1 tablespoon olive oil
1 yellow onion thinly sliced
2 cloves of garlic, minced
2 teaspoons ground cumin
1 teaspoon ground coriander
1/2  teaspoon red pepper flakes
cooked beans
1 cup of chicken bouillon
sriracha to taste

Heat the oil in a skillet on a medium high heat and add the sliced onions, cook until the onions are translucent, about 5 minutes. Lower the heat to medium, add a dash of salt and cook until the onions are browned and caramelized

what to do with 'em:
Cut about 6 corn tortillas into wedges, toss in a bowl with a splash of olive oil, a little salt and a dash of cumin, then bake at 375 degrees for 6-8 minutes until crispy, remove from the oven and let cool a little and reduce the oven temp to 350 degrees.
Spread the refried beans across the bottom of a shallow baking dish or pie plate, place the tortilla chips over the beans, dipping them into the beans so they are standing at an angle rather than laying flat on the surface of the beans. Sprinkle with shredded sharp cheddar cheese and bake until the cheese is melted, another 5 minutes or so.
Serve with sour cream and salsa on the side.
stir in some of your favorite jarred salsa and grated cheese into the refried beans and heat in the microwave until the cheese is melted, stir to distribute the melted cheese and transfer into a serving dish. Top with a little more grated cheese and chopped cilantro and serve with tortilla chips.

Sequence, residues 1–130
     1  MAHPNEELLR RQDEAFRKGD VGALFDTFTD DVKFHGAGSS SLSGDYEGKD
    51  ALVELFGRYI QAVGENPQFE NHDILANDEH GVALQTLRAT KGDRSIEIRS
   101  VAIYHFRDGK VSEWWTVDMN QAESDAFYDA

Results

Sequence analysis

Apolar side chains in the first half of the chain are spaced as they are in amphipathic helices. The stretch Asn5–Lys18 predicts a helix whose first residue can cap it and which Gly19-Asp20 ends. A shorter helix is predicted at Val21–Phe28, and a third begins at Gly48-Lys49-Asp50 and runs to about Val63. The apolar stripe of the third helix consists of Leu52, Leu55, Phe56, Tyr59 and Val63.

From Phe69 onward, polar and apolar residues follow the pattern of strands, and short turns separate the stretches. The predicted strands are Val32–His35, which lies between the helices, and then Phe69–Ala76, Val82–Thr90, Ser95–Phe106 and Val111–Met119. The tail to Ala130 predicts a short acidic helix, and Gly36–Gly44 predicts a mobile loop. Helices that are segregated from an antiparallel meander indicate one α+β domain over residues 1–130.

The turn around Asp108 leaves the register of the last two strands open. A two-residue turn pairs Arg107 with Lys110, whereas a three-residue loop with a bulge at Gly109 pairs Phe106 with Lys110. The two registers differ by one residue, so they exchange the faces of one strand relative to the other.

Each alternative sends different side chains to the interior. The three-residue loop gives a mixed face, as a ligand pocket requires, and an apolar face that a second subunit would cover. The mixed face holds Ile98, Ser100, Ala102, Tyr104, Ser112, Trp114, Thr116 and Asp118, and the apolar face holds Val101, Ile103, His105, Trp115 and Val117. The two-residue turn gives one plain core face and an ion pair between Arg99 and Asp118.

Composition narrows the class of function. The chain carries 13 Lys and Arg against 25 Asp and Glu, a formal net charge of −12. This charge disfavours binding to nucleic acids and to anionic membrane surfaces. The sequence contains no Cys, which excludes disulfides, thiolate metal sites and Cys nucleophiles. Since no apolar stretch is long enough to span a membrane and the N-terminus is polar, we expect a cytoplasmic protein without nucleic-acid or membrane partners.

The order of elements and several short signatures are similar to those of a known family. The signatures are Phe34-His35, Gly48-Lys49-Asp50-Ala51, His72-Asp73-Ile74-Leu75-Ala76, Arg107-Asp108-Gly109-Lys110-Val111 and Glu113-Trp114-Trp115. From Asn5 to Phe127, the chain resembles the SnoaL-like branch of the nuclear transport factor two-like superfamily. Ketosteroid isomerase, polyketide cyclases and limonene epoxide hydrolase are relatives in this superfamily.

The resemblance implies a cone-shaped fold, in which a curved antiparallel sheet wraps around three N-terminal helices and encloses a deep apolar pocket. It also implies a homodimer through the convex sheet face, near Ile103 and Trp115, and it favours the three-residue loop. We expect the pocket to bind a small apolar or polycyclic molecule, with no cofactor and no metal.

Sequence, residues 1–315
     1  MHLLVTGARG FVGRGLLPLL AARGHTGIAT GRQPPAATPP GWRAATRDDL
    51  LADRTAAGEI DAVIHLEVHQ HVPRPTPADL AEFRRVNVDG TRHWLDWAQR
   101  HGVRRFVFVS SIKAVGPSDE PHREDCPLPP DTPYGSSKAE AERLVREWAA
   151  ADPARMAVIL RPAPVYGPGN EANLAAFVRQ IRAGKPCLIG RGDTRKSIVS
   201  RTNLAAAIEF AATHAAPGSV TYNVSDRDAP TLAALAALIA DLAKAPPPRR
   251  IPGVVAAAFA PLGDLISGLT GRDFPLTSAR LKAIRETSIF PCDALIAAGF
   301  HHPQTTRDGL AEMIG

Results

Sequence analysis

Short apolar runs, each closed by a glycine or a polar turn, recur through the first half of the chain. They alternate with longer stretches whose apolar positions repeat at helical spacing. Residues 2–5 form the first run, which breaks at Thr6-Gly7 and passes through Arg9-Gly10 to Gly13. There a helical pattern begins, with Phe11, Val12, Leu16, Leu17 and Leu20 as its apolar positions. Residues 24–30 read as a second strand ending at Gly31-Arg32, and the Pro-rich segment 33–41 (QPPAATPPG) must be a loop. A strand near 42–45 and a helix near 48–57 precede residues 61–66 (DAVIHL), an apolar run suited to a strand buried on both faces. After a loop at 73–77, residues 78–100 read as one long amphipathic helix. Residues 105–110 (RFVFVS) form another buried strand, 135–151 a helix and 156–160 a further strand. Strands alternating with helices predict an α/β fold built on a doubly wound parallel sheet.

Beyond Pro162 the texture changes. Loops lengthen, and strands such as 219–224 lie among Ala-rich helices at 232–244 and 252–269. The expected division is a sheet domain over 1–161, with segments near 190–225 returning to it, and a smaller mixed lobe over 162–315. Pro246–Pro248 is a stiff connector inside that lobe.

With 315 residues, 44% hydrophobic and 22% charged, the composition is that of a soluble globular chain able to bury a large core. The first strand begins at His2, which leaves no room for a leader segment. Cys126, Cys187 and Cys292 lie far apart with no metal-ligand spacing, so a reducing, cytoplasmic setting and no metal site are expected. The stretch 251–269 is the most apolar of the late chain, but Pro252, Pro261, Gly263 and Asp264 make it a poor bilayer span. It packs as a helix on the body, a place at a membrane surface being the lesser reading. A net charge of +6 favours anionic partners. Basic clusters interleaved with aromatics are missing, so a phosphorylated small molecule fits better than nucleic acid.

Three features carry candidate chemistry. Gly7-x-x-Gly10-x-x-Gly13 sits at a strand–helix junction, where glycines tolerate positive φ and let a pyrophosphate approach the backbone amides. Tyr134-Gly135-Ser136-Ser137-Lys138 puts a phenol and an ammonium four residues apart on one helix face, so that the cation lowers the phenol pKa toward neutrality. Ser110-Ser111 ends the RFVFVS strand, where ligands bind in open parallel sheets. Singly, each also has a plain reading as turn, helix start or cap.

Quick Quesadillas:
My favorite quick snack is to shred a little sharp cheddar cheese, heat up the refried beans in a microwave (I heat them in a bowl covered tightly with plastic wrap which I puncture with a fork) , then warm up 3-4 corn tortillas in a microwaveable steamer for 1 minute (this is to keep them soft and pliable for subsequent folding). Spread a thin layer of beans on the warm tortilla, you can also add a dollop of salsa if you like, and then finish with a sprinkle of shredded cheese. Spread the filling evenly over the surface of the tortilla, fold the tortilla in half, then in half again so you have filled triangles.
Of course, the beans are always a great addition to omelettes, burritos, enchiladas and tostada salads.